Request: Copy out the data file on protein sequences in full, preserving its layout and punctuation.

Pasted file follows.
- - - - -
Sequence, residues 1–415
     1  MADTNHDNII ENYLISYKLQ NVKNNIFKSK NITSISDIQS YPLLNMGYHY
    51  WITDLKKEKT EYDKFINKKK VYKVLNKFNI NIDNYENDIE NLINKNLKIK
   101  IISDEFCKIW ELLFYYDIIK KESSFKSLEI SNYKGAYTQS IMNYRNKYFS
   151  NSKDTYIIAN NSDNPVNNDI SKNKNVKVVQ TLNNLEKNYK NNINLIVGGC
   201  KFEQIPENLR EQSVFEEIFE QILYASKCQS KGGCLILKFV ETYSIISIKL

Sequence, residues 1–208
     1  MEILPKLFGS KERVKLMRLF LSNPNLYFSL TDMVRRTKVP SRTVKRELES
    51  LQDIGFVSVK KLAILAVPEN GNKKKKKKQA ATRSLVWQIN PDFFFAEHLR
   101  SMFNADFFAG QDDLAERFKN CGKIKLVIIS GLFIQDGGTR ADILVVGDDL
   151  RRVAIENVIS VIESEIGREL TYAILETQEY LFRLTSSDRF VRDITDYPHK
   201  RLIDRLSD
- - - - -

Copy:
Sequence, residues 1–415
     1  MADTNHDNII ENYLISYKLQ NVKNNIFKSK NITSISDIQS YPLLNMGYHY
    51  WITDLKKEKT EYDKFINKKK VYKVLNKFNI NIDNYENDIE NLINKNLKIK
   101  IISDEFCKIW ELLFYYDIIK KESSFKSLEI SNYKGAYTQS IMNYRNKYFS
   151  NSKDTYIIAN NSDNPVNNDI SKNKNVKVVQ TLNNLEKNYK NNINLIVGGC
   201  KFEQIPENLR EQSVFEEIFE QILYASKCQS KGGCLILKFV ETYSIISIKL

Sequence, residues 1–208
     1  MEILPKLFGS KERVKLMRLF LSNPNLYFSL TDMVRRTKVP SRTVKRELES
    51  LQDIGFVSVK KLAILAVPEN GNKKKKKKQA ATRSLVWQIN PDFFFAEHLR
   101  SMFNADFFAG QDDLAERFKN CGKIKLVIIS GLFIQDGGTR ADILVVGDDL
   151  RRVAIENVIS VIESEIGREL TYAILETQEY LFRLTSSDRF VRDITDYPHK
   201  RLIDRLSD